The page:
Despite the horrific treatment she received from the public and the media, despite the sickening racist and sexist abuse (see for yourself below) that she has had to endure every day of the last 30 years as an MP (30 years as an MP just one of her achievements in a very long list by the way), Diane Abbot held her seat with a majority of 35,139 – a majority almost as large as the total number of votes May managed in her constituency (37,718).
And before the suggestions that Abbott is stupid/incompetent start coming in, I’d like to request you read this brilliant piece before commenting: https://cookingonabootstrap.com/2017/06/07/we-need-to-talk-about-diane-abbott-now-explicit-content/
(Don’t come at me over Diane Abbott FYI. I will physically fight you to defend Diane Abbott.)
So what does all this actually mean? How does this actually change anything when the Tories still won?
For starters, politics will have to dramatically change after this result. The voice of young people will have to be heard now, because it has become too loud to drown out. Jeremy Corbyn too must now be taken seriously: by his own party, by the Conservative government and by the public, because what he has achieved over the last few weeks has been nothing short of phenomenal.
Like it or not, the Tories can no longer laugh at the idea of Corbyn as a leader, because he has shown himself to be exactly that.
He has drawn crowds not matched in size by a leader in this country since Winston Churchill, and he has won back the trust of those already politically engaged young voters who have been skeptical of politicians since the broken promise of tuition fees.
More than that, he has reached out to an audience of young people who have been entirely apathetic towards politics until now – where Clegg succeeded in reaching out to young voters, Corbyn has gone a step further and inspired many who have never taken any interest before.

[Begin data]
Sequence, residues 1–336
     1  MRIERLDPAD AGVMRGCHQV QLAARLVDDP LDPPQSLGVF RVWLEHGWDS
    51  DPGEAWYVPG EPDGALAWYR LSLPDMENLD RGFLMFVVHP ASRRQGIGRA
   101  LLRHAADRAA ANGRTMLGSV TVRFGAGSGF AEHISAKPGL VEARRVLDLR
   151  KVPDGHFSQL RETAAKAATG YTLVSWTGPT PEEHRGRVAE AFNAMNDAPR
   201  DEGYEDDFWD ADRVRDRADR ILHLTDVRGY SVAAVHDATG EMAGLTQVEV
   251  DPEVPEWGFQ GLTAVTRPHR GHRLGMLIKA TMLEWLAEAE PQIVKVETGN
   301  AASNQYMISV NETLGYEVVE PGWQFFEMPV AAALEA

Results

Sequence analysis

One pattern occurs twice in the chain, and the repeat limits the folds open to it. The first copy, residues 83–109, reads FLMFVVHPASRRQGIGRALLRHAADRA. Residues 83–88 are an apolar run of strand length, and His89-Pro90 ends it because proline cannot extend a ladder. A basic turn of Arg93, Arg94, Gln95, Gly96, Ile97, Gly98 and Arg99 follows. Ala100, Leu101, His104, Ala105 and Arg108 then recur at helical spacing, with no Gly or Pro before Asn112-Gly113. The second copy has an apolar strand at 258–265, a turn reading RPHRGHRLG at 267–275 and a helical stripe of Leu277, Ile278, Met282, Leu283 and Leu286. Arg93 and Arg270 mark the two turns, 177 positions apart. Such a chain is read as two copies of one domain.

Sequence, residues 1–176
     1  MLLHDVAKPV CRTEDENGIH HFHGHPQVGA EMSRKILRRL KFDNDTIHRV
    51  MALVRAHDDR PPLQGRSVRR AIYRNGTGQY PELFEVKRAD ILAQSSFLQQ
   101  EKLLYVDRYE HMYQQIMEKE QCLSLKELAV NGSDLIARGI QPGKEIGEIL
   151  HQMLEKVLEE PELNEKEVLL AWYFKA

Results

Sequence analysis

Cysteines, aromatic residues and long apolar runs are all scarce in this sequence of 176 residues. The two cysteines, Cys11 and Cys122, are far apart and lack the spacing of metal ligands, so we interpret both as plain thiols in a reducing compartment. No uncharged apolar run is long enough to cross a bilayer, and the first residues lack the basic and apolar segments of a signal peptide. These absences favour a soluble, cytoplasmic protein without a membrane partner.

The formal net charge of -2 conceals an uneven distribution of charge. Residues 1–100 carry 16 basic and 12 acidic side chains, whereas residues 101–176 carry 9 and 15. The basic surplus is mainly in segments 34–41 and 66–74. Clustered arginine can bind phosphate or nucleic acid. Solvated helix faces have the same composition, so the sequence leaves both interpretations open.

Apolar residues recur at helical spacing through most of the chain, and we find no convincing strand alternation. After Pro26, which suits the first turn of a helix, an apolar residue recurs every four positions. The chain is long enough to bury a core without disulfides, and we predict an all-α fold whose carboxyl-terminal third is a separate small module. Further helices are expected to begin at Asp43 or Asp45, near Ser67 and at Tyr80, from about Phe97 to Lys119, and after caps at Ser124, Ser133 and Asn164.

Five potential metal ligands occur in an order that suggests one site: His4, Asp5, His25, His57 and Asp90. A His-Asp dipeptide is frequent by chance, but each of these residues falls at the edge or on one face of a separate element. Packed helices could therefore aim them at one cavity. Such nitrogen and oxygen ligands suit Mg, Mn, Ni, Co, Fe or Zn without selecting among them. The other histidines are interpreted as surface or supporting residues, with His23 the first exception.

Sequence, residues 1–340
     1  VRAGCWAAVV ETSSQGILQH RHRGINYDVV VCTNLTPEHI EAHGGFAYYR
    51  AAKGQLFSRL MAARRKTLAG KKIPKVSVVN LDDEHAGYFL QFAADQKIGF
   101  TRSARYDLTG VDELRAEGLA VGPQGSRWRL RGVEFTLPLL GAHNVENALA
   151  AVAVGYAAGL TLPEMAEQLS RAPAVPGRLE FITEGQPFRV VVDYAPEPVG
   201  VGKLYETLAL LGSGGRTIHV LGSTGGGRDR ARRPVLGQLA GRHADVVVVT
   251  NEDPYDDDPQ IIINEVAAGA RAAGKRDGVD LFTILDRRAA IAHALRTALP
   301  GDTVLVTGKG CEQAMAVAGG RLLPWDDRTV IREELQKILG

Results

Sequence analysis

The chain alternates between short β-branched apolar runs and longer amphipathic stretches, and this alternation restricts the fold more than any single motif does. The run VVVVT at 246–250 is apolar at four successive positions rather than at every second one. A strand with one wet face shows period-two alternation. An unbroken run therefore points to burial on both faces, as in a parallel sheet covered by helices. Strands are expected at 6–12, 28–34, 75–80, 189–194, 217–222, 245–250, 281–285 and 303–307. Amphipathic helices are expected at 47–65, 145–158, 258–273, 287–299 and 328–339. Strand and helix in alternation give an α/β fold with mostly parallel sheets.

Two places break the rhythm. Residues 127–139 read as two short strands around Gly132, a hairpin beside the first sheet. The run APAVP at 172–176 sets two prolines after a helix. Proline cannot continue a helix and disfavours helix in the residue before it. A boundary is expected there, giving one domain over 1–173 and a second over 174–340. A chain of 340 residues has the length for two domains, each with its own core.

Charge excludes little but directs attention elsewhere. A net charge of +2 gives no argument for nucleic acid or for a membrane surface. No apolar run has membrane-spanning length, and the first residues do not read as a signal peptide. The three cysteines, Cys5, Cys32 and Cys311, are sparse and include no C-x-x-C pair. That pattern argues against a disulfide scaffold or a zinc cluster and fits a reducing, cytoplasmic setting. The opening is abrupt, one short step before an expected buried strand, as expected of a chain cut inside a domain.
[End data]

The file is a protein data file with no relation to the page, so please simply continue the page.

What Corbyn and the Labour party have achieved is far more remarkable than the results suggest; majority or not, they have successfully inspired the young and the disengaged and the disillusioned.
The left has been completely revitalised by this election, with the knock-on effect being that we will now start to see the Tories attempt to shift from the right back towards the centre as a response to this humiliating defeat – the Tories shifted to the right following the meteoric rise of UKIP, and that won them the last election; but it has failed catastrophically this time.
Make no mistake, this is the beginning of the fight, not the end.
The idea of a Tory/DUP coalition is bleak and terrifying. We don’t know what’s going to happen with Brexit for sure, but we do know we are in for a period of uncertainty and instability regardless. Our country is being hit by terrorist attacks that target our children and our very way of life, and one by product of this has been a not-so-quietly growing undercurrent of xenophobia, racism and intolerance. Our country is hurting right now, and it doesn’t show signs of improvement in the short term.
But let’s look at the long term.